Schröder defiant in face of growing protests over welfare cuts

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The Independent Online

Opponents of Chancellor Gerhard Schröder's drive to cut benefits staged demonstrations across Germany yesterday, said by organisers to be the most widespread yet in a summer of discontent.

Opponents of Chancellor Gerhard Schröder's drive to cut benefits staged demonstrations across Germany yesterday, said by organisers to be the most widespread yet in a summer of discontent.

More than 60,000 took part in demonstrations yesterday afternoon, including 20,000 in the eastern city of Leipzig, twice as many as in the last protest there a week earlier, organisers said. Rallies were also held in Berlin, Magdeburg and dozens of other cities across the country.

Meant to evoke the spirit of 1989 pro-democracy demonstrations that led to the collapse of Communist rule in East Germany, the protests ­ centred in the economically depressed east ­ have grown steadily since they began two weeks ago in anger at planned cuts in benefits for the long-term jobless.

In Berlin, thousands of people gathered in Alexanderplatz square, the former centre of Communist East Berlin, holding signs saying "Schröder must go" and "Stand up against the social welfare robbers".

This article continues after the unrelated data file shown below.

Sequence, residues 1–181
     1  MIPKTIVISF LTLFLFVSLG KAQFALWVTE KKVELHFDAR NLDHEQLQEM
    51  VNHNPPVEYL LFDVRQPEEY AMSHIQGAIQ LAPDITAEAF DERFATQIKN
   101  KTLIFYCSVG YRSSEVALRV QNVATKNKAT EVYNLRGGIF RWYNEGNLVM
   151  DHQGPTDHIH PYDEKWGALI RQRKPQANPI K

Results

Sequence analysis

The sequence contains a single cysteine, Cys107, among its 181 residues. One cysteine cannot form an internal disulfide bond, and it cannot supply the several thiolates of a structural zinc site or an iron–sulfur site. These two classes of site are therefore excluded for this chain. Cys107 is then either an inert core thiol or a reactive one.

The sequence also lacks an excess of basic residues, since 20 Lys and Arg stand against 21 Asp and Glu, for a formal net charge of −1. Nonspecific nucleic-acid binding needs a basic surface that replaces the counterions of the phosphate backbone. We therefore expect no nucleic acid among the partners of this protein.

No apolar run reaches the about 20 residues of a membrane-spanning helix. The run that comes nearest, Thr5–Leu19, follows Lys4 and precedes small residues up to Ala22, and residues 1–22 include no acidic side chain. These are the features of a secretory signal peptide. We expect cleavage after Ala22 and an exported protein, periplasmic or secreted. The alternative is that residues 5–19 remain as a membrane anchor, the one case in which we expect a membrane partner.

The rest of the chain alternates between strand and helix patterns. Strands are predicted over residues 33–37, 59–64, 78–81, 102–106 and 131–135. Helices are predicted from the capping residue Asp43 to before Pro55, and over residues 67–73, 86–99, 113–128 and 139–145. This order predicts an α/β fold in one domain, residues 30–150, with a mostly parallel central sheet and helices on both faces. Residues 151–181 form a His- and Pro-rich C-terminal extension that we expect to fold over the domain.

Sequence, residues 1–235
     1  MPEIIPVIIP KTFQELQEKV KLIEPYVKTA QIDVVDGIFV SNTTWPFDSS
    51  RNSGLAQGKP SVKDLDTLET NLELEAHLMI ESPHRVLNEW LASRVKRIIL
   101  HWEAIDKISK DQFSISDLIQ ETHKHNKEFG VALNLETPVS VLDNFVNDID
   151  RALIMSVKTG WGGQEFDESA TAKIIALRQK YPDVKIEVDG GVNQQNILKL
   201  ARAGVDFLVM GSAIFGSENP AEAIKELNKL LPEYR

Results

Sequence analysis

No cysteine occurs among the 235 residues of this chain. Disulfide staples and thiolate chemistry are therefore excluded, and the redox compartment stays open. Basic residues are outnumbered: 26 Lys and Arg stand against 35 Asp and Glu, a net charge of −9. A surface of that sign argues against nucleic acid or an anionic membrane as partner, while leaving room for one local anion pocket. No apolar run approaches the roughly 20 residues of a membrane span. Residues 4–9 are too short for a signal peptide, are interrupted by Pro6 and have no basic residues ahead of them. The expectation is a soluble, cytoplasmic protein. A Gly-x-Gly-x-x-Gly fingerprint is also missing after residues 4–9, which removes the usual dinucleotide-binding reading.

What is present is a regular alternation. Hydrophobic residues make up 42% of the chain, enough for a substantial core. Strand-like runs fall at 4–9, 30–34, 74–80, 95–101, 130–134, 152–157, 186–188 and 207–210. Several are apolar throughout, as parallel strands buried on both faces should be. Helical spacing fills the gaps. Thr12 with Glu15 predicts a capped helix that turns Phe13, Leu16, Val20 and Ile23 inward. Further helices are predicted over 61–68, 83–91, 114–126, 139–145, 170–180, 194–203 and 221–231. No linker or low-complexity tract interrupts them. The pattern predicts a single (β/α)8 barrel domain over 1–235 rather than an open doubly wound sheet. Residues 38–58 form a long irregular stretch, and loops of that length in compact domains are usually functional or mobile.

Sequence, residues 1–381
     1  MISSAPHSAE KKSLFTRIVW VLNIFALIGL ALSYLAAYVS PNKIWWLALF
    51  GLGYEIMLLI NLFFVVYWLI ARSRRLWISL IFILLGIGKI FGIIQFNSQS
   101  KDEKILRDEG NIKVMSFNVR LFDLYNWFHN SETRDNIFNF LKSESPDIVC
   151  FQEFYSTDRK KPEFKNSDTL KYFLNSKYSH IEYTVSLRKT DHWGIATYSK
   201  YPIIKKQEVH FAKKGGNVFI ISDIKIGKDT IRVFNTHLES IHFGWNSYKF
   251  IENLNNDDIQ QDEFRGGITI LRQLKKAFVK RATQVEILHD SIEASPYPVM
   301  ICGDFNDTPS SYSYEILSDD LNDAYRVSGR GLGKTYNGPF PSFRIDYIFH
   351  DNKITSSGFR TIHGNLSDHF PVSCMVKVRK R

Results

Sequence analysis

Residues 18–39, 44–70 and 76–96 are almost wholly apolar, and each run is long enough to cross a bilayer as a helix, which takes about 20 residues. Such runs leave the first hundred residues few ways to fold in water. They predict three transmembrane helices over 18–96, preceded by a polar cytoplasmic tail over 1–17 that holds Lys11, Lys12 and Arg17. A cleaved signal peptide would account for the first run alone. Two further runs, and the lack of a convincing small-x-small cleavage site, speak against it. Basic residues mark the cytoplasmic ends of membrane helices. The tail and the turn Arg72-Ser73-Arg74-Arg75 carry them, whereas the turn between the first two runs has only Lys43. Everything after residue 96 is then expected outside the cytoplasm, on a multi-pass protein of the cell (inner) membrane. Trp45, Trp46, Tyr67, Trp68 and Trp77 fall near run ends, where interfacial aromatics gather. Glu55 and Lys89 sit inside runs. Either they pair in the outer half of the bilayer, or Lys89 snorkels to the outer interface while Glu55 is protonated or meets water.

Win Windisch, 24, a protester from Berlin, said: "This just puts more pressure on the unemployed. The corporations want to pay less and less in taxes, and it's always the poor who suffer." The new laws, which take effect next year, lower long-term jobless benefits to the level of welfare payments and raise pressure on the unemployed to accept jobs. The changes are part of an unpopular programme of welfare-state cuts that Chancellor Gerhard Schröder launched last year in efforts to boost the economy.

His government made concessions last week on the timing of the first payments, but has refused to abandon the law.

Bela Anda, Mr Schröder's spokesman, said yesterday: "The Chancellor has made it very clear that he will stay the course on Agenda 2010. All decisions will be implemented, there will be no corrections."

Later, 15,000 people protested in Magdeburg, where the demonstrations against the cuts began. Thousands also demonstrated in the eastern cities of Halle and Dessau. Wolfgang Templin, a former East German dissident, predicted that the protests would grow stronger into the autumn, telling the Berliner Zeitung daily newspaper that the government had merely offered "a few crumbs" to address opponents' concerns.

Mr Schröder's Social Democratic Party has suffered losses in state elections, as well as a stinging defeat in June voting for the European Parliament.

Its poll ratings are sagging as they face another three state elections this autumn, two of them in the east, prompting some Social Democrats to call for changes to the cuts to appease the public.

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